Documentation demands attention to detail. For a patient with abdominal pain, be sure to ask: How long has the patient experienced pain? Is it generalized or in a particular quadrant? Sharp or dull? And does it radiate? And jot down the answers.
“Try to use adjectives that would give specifics regarding the complaint,” says Mary Mulholland, MHA, BSN, RN, CPC, senior coding and education specialist at the University of Pennsylvania’s department of medicine. She also suggests hospitalists find out which medications a patient is taking or has taken and indicate whether symptoms have improved or deteriorated. Here’s how Mulholland would document such a case:
Initial hospital admission, level of service:
83-year-old male admitted from the emergency room, complaining of intermittent crampy lower abdominal pain (severe at times), blood in stool and increased weakness for three weeks, worse when getting up or standing. Patient has decreased appetite and progressive shortness of breath. His review of systems is otherwise negative.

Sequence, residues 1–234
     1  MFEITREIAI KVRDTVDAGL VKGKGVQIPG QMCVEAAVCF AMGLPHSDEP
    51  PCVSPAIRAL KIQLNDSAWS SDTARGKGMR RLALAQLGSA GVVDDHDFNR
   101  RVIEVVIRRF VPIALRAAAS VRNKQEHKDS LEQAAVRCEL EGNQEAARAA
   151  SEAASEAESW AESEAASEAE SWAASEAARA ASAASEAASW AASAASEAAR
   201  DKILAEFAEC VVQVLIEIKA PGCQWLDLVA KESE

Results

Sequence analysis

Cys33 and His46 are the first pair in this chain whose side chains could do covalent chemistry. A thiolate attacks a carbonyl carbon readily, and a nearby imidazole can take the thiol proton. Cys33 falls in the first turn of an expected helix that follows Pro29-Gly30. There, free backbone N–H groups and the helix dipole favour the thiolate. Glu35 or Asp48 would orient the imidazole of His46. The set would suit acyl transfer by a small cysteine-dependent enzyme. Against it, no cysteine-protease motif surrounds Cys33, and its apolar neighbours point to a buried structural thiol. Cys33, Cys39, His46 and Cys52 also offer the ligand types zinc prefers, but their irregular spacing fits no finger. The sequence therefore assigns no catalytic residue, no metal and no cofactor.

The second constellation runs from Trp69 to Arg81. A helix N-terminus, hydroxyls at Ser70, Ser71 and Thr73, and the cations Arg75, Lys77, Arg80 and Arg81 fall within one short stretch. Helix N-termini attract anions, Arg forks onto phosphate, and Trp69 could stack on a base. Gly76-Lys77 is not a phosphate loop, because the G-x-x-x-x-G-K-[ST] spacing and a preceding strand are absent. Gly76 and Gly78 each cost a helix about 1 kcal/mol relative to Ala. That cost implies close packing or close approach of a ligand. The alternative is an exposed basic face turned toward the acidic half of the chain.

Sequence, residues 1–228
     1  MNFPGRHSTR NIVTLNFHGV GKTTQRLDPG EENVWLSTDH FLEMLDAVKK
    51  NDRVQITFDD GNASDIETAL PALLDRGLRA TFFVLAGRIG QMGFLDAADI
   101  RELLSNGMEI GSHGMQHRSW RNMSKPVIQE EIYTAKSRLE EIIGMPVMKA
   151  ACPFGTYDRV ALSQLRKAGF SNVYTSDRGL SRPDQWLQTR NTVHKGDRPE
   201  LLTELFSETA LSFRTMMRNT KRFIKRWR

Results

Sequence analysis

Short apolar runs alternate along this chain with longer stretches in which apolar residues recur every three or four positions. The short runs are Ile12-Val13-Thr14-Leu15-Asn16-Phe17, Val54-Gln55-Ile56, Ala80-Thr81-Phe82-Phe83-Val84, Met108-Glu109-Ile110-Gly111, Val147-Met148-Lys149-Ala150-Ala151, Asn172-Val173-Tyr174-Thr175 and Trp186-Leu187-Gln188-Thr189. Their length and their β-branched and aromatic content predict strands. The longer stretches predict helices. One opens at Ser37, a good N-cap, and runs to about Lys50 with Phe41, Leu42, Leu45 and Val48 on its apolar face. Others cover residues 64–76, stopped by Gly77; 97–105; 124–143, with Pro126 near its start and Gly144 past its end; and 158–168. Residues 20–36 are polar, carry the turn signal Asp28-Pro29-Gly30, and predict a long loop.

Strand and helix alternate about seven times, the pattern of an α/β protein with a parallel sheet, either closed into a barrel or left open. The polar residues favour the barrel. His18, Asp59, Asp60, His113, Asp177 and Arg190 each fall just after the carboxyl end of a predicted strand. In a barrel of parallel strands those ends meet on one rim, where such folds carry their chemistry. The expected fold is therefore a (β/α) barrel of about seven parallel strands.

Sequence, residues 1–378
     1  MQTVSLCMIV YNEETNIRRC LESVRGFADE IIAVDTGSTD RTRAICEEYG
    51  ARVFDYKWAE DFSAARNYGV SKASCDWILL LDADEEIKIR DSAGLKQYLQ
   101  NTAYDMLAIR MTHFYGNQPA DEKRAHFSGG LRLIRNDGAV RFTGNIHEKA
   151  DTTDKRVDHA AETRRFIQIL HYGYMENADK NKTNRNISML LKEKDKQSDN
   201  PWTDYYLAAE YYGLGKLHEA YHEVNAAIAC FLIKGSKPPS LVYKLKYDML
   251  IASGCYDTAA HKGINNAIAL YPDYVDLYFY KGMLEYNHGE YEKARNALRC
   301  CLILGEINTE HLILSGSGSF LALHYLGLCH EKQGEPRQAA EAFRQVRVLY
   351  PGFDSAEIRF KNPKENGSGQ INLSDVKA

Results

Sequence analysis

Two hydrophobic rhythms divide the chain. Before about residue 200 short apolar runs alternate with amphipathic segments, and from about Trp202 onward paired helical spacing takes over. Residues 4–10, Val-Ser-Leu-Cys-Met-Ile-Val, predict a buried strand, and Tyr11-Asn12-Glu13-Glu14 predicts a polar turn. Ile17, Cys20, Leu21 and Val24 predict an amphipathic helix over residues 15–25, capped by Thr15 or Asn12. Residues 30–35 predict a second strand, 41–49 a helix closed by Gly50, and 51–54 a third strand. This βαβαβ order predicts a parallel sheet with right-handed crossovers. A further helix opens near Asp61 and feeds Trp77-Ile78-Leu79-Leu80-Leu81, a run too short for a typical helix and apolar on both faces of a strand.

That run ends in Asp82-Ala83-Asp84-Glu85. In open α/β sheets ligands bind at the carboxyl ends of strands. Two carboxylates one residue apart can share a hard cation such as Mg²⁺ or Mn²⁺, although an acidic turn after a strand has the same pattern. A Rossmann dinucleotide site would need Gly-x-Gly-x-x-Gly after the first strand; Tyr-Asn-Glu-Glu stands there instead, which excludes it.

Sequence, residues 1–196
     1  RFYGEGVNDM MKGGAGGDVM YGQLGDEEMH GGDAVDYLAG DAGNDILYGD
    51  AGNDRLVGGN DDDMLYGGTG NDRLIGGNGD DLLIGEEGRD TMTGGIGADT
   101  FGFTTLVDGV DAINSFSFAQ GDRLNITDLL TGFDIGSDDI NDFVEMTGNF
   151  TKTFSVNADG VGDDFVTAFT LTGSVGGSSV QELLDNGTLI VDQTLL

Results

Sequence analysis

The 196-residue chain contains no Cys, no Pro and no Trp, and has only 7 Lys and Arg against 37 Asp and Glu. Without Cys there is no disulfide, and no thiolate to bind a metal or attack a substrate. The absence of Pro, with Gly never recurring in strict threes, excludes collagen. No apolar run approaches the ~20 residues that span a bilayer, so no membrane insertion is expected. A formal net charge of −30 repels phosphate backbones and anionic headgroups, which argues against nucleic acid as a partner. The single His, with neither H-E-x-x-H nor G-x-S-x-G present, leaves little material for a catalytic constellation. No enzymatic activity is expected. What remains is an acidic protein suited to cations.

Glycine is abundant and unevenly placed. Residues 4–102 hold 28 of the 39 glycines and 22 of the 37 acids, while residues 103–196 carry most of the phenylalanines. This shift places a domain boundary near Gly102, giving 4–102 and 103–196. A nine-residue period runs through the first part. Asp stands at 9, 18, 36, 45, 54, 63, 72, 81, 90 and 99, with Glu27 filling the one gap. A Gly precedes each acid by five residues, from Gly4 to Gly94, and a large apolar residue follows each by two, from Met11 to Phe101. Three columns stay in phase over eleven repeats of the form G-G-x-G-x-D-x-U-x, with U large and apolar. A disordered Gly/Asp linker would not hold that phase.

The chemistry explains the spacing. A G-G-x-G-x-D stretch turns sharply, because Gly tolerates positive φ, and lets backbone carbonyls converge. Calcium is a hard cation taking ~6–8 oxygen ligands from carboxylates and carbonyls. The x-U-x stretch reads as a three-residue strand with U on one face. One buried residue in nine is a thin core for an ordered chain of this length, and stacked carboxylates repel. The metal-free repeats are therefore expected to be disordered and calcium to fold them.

Past medical history: Coronary artery disease and hypertension
Family history: Mother with Type 2 diabetes
Social history: Quit smoking 20 years ago
Alert: Blood pressure (90/68), pulse (88), and respiratory (24)
ENT: Dry oral mucosa
Lymphatic: Palpable nodes—right auxilla and right inguinal areas
Cardio: Slight tachycardia, no murmurs, rubs or gallops
Abdomen: Slightly distended, tender on palpation
Skin: Slightly diaphoretic, no rashes or bruising
Neurologic: Cranial nerves intact, alert and conversant
Lab results: Blood in stool, hemoglobin (6.7), serum blood glucose (120), serum sodium (132), serum potassium (4.3), chest X-ray clear (my interpretation). Old records requested.
Assessment: Gastrointestional bleeding, tachycardia, and mild dehydration
Treatment plan: Check hemoglobin and hematocrit every six hours. Also check prothrombin time and partial prothrombin time. Repeat electrolytes in the morning. Order an X-ray of the lower gastrointestinal tract. Type and screen for 2 units of packed red blood cells, and transfuse pending repeat hemoglobin and hematocrit values. Infuse intravenous fluids at 80 cc per minute. Check electrocardiogram. Consult GI regarding endoscopy.